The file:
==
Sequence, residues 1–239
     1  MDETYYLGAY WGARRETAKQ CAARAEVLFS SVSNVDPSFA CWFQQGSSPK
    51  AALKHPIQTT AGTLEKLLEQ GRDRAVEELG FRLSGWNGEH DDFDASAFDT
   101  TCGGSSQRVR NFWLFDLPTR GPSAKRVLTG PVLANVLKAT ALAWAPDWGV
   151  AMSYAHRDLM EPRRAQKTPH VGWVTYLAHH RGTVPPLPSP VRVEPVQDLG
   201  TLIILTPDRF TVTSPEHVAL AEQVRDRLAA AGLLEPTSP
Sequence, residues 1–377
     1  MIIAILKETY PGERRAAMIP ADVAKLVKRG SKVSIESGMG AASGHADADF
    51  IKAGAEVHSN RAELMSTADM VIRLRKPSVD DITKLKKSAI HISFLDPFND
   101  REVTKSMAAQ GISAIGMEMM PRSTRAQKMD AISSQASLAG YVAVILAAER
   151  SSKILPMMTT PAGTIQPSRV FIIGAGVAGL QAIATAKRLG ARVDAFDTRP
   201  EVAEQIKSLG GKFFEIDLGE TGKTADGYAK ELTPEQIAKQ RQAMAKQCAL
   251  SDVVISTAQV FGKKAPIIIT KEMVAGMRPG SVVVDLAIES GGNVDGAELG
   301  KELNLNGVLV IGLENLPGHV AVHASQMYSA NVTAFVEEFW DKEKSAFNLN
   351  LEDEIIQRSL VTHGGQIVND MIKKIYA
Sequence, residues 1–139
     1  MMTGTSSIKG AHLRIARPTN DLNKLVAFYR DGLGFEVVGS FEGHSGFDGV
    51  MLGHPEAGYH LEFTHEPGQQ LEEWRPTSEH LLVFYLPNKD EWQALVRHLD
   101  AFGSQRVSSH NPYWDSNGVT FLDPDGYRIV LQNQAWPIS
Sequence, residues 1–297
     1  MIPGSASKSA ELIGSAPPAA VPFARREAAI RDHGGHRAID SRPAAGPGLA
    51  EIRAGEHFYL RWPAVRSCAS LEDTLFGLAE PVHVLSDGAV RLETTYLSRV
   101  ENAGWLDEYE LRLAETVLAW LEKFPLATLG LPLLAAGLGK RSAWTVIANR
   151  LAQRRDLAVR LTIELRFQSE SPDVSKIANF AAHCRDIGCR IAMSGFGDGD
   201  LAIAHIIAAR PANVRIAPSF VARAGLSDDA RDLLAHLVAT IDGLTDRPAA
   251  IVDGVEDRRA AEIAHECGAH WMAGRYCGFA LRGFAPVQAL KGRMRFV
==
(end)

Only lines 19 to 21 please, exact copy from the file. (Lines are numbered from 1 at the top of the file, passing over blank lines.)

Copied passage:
   101  AFGSQRVSSH NPYWDSNGVT FLDPDGYRIV LQNQAWPIS
Sequence, residues 1–297
     1  MIPGSASKSA ELIGSAPPAA VPFARREAAI RDHGGHRAID SRPAAGPGLA